This patch optionally replaces the CRT allocator (i.e., malloc and free) with rpmalloc (public domain licence).
This changes the memory stack from:
new/delete -> MS VC++ CRT malloc/free -> HeapAlloc -> VirtualAlloc
new/delete -> rpmalloc -> VirtualAlloc
The Windows heap is thread-safe by default, and the ThinLTO codegen does a lot of allocations in each thread:
In addition, on many-core systems, this effectively blocks other threads to a point where only a very small fraction of the CPU time is used:
Before patch (here on Windows 10, build 1709):
We can see that a whooping 80% of the CPU time is spend waiting (blocked) on other threads (780 sec / 72 cores = 10 sec total) (graph with D71775 applied):
Threads are blocked waiting on the heap lock:
The thread above is awaken by the heap lock being released in another thread:
We simply use rpmalloc instead of VC++'s CRT allocator, which uses the Windows heap under-the-hood.
"rpmalloc - Rampant Pixels Memory Allocator
This library provides a public domain cross platform lock free thread caching 16-byte aligned memory allocator implemented in C"
The feature can be enabled with the cmake flag -DLLVM_ENABLE_RPMALLOC=ON -DLLVM_USE_CRT_RELEASE=MT. It is currently available only for Windows, but rpmalloc already supports Darwin, FreeBSD, Linux so it would be easy to enable it for Unix as well. It currently uses /MT because it is easier that way, and I'm not sure /MD can be overloaded without code patching at runtime (I could investigate that later, but the DLL thunks slow things down).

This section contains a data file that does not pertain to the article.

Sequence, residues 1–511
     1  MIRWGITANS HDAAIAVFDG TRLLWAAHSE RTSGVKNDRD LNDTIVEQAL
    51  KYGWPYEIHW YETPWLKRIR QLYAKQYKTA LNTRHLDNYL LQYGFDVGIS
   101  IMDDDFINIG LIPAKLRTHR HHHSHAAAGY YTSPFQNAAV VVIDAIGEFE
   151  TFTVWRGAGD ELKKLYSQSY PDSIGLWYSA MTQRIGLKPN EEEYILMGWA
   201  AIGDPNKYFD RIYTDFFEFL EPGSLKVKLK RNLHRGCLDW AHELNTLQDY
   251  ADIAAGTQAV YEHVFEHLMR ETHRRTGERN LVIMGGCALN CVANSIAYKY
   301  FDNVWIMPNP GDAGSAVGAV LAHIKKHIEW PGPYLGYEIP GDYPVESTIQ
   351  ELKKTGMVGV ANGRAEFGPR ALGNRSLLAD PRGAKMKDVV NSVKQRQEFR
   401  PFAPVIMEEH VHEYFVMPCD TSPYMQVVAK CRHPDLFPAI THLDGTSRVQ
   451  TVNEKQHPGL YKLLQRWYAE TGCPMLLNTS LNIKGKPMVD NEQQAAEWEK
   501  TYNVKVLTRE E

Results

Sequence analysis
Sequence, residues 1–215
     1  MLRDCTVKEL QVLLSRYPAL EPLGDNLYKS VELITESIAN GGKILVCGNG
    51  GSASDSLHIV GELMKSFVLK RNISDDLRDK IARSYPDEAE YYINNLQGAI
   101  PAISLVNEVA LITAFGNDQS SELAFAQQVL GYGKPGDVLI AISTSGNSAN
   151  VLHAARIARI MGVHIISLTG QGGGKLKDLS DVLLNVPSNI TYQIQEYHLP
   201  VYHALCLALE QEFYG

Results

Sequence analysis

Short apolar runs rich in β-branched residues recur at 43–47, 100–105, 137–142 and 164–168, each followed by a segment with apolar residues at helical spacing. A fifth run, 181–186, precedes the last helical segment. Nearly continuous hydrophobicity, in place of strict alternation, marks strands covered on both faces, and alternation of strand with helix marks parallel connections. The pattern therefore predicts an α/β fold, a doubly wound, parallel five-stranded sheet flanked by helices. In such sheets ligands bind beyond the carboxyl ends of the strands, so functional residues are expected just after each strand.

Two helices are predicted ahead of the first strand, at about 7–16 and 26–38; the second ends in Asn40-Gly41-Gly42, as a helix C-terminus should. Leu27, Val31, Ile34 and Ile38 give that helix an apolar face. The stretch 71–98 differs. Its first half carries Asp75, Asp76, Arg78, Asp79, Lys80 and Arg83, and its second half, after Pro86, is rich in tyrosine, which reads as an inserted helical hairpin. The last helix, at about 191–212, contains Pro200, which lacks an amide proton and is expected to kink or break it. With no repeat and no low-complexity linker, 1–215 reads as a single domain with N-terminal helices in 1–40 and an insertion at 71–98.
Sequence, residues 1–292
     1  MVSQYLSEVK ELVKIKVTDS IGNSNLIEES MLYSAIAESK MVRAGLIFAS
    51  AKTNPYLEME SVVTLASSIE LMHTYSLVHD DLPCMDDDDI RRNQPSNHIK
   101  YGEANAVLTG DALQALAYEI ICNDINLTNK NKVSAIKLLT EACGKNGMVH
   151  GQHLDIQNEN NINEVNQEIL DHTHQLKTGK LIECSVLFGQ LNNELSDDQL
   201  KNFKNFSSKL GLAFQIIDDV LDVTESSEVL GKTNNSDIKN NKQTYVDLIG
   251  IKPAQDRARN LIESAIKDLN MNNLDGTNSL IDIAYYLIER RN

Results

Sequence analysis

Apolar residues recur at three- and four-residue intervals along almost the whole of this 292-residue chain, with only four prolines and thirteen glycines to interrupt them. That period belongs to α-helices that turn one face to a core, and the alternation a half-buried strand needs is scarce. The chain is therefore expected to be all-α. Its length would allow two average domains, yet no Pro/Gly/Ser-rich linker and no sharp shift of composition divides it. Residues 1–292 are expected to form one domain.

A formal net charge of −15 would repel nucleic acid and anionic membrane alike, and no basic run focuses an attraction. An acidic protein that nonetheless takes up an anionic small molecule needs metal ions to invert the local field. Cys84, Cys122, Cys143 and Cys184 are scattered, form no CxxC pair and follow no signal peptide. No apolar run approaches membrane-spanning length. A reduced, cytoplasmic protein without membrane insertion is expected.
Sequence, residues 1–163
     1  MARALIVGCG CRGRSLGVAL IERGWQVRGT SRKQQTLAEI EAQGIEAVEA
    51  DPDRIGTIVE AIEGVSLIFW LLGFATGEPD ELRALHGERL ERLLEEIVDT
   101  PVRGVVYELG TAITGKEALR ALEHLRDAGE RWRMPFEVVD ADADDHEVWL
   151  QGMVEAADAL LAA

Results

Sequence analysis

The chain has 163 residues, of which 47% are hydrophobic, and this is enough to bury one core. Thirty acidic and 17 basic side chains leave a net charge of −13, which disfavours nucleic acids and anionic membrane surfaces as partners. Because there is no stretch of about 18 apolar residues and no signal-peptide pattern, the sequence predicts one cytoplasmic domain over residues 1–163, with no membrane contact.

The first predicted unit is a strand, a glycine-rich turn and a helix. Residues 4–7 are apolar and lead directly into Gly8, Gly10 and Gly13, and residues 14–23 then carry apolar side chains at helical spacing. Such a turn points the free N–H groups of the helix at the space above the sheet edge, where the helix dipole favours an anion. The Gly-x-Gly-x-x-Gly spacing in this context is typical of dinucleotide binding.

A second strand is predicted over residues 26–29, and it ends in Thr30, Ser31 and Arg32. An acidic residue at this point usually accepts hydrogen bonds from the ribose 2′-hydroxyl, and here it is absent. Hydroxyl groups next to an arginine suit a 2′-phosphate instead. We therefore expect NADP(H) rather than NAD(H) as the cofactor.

In addition rpmalloc supports large memory pages, which can be enabled at run-time through the environment variable LLVM_RPMALLOC_PAGESIZE=[4k|2M|1G].
After patch, with D71775 applied, all CPU sockets are used:
(the dark blue part of the graph represents the time spent in the kernel, see below why)
In addition to the heap lock, there's a kernel bug in some versions of of Windows 10, where accessing newly allocated virtual pages triggers the page zero-out mechanism, which itself is protected by a global lock, which further blocks memory allocations.
If we dig deeper, we effectively see ExpWaitForSpinLockExclusiveAndAcquire taking way too much time (the blue vertical lines show where it is called on the timeline):
(patch is applied)
When using the latest Windows build 1909, with this patch applied and D71775, LLD now reaches over 90% CPU usage:
Globally, this patch along with D71775 gives more interesting link times with ThinLTO, on Windows at least. The link times below are for Ubisoft's Rainbow 6: Siege PC Final ThinLTO build. Timings are only for the full link (no ThinLTO cache)
LLD 10 was crafted out of a two-stage build.
In case  the second stage uses -DLLVM_USE_CRT_RELEASE=MT.
In case  the second stage uses -DLLVM_ENABLE_RPMALLOC=ON -DLLVM_USE_CRT_RELEASE=MT.
In case  the second stage uses -DLLVM_ENABLE_RPMALLOC=ON -DLLVM_USE_CRT_RELEASE=MT -DLLVM_ENABLE_LTO=Thin, and both -DCMAKE_C_FLAGS -DCMAKE_CXX_FLAGS are set to "/GS- -Xclang -O3 -Xclang -fwhole-program-vtables -fstrict-aliasing -march=skylake-avx512".
The LLVM tests link with ThinLTO, while the MSVC tests evidently run full LTO.